The Knowledge Test
The knowledge test is used to determine the driver's mental competency, cognitive and language skills. The primary reason for giving drivers with mild dementia the knowledge test is to determine if these drivers have deteriorating reading and comprehension skills. If they do, they may also have impaired cognitive and perceptual skills which may impact their ability to safely drive a motor vehicle. Testing the driver's knowledge of the rules of the road is a secondary issue, although still relevant. The hearing officer must determine if a poor score on the knowledge test merely indicates a lack of knowledge, or indicates that the driver has difficulty reading and comprehending the questions.
The following will be considered when evaluating the knowledge test results:
- How long did it take the driver to complete the written exam?
- How many questions did the driver miss?
- Was the driver able to answer the missed questions when verbally restated?
- Could the driver's knowledge be improved by studying the handbook?
If the driver fails the knowledge test after the questions were restated verbally, and it is determined the driver's failure is due to a lack of knowledge, the driving privilege will be suspended pursuant to Vehicle Code Section 13953.
If the driver is unable to coherently answer the hearing officer's questions during the reexamination, or the driver fails the knowledge test after the questions were restated verbally and medical documentation indicates mild dementia, the driving privilege will be revoked pursuant to Vehicle Code Section 13953. The driver may request a hearing after receiving notice of revocation. The issue to consider at a hearing is whether the driver's cognitive skills and memory are keen enough to proceed safely with a special drive test.
The answers given during the in-person contact, together with the results of the knowledge test, provide the hearing officer with an estimation of the driver's memory and cognitive skills. If the driver is able to coherently answer the hearing officer's questions during the in-person contact and the medical documentation is favorable as it relates to safe driving, the driver will be scheduled for a special drive test or supplemental DPE, which includes vision screening.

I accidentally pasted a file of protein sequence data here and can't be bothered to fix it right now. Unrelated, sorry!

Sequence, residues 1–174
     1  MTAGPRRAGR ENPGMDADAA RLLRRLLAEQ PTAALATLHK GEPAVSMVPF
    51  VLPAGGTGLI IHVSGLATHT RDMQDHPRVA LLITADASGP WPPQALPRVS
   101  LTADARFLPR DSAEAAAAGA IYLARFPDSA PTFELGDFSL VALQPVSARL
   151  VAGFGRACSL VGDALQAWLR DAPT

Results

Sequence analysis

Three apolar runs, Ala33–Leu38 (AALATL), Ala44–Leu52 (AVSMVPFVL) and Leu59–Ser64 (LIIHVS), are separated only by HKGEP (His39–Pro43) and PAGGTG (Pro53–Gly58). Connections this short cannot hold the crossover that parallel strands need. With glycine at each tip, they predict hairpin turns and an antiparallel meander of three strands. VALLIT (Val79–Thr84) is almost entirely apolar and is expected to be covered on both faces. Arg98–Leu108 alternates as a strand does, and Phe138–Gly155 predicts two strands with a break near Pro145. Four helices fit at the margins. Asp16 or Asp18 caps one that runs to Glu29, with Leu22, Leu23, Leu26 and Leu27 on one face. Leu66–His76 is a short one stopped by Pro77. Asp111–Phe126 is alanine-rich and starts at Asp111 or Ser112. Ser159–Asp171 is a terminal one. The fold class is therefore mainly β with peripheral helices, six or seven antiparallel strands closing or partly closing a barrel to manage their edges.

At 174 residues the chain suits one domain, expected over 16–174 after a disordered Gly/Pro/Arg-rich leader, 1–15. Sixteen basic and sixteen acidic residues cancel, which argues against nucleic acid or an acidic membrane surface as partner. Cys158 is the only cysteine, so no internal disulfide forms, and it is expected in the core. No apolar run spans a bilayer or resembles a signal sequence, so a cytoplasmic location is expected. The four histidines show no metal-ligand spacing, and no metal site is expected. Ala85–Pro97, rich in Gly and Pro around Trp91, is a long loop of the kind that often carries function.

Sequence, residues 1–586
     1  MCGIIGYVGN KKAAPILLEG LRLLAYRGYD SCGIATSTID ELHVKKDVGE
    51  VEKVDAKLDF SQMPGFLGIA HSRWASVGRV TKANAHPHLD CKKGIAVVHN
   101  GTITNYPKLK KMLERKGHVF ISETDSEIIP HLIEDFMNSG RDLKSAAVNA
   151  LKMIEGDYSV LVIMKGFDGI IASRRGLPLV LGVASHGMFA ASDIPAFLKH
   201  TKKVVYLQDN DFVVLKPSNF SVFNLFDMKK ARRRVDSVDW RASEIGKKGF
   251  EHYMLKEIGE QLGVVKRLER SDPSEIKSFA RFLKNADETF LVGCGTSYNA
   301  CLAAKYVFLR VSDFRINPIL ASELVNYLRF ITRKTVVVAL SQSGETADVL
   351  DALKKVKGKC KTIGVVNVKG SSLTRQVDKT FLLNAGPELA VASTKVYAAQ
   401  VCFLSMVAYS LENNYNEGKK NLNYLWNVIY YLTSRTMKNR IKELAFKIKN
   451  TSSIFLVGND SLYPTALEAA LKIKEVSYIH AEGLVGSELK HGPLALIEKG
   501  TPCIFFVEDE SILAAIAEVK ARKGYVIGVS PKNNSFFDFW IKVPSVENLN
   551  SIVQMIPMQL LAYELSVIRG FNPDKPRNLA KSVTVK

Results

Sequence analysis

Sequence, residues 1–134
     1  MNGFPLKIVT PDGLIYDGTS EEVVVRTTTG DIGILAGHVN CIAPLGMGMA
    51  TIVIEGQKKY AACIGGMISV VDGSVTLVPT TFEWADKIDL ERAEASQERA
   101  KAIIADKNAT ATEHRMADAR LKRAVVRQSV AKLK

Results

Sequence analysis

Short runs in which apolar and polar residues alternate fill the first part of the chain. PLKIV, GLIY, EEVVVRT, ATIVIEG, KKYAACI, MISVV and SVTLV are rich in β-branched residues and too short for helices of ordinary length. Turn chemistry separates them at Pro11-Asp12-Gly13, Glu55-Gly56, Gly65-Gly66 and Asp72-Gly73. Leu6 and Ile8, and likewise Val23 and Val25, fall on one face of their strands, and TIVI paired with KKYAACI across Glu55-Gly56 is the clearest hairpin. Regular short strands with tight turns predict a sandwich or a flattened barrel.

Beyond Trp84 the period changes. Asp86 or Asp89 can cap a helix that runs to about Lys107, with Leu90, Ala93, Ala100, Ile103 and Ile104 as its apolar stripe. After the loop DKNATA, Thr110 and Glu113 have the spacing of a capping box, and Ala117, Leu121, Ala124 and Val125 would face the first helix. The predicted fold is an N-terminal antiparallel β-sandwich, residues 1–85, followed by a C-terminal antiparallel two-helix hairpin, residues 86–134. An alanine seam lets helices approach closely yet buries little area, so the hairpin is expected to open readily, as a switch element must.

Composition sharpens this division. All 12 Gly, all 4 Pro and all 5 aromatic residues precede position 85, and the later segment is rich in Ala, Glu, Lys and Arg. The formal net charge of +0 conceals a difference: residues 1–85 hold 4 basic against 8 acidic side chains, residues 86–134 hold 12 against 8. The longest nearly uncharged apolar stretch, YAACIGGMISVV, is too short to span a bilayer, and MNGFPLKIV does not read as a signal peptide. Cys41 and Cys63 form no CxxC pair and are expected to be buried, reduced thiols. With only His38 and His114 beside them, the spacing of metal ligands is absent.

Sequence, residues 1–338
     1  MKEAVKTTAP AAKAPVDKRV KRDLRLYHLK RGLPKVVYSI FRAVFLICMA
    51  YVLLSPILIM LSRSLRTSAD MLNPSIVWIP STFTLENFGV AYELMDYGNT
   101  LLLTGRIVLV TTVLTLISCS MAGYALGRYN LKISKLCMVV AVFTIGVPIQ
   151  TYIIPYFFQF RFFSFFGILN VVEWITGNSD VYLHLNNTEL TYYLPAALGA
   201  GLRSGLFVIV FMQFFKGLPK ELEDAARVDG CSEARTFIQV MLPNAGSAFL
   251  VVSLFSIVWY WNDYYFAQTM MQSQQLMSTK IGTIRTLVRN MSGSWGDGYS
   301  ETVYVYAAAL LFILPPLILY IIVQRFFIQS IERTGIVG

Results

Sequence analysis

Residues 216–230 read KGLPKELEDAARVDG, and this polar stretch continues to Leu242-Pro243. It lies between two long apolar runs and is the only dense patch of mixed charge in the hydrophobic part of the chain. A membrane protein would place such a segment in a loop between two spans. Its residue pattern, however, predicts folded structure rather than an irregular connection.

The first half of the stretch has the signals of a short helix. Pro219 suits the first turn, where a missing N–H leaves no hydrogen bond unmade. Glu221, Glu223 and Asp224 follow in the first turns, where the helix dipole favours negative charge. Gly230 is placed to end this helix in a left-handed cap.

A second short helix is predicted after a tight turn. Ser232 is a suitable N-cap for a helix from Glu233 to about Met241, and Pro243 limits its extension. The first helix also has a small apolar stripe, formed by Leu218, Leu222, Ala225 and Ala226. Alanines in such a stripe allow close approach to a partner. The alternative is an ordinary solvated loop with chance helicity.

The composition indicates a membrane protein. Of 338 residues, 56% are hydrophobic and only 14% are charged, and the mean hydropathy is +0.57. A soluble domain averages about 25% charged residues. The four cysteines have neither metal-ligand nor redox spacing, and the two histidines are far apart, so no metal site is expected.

Special Drive Test
The special drive test is used in determining the driver's competency and ability in the areas of concentration, perception, attention, and/or judgment. A special drive test or Supplemental Driver Performance Evaluation (SDPE) is only appropriate if a medical diagnosis of mild dementia is given, the knowledge and vision screening tests are passed, and the driver answers questions coherently during the in-person contact with the hearing officer.
If the results of the special drive test are satisfactory, the driver will be scheduled for a calendar reexamination, and appropriate license restrictions may be applied, as guided by the results of the Special Drive Test. Drivers should be reevaluated in 6 months or less when the results of the knowledge and drive tests are marginal and the dementia is not expected to progress rapidly.
Marginal Knowledge Test results are indicated when the driver fails the written test but is able to pass when the questions are restated verbally by the hearing officer. Marginal Special Drive Test or SDPE results are indicated when the drive test errors are noncritical ones that may be corrected with additional training.
A 12-month calendar reexamination period may be more appropriate for drivers whose test results are better than marginal for both the knowledge and drive tests, and the driver's physician has indicated the dementia is not expected to progress rapidly. If the results of the special drive test or SDPE are unsatisfactory, the driving privilege will be revoked pursuant to Vehicle Code Section 13953. The driver may request a hearing after receiving notice of the revocation. It is the hearing officer's discretion to determine whether it is safe to allow the driver to take another special drive test or SDPE.
The attached Dementia Consolidation Table and Glossary of Terms define many different types of dementia, their functional impairments, driving impairments, factors to consider, and licensing options. The table provides guidance in determining appropriate actions to impose after reexaminations, hearings, and interviews with drivers diagnosed with dementia.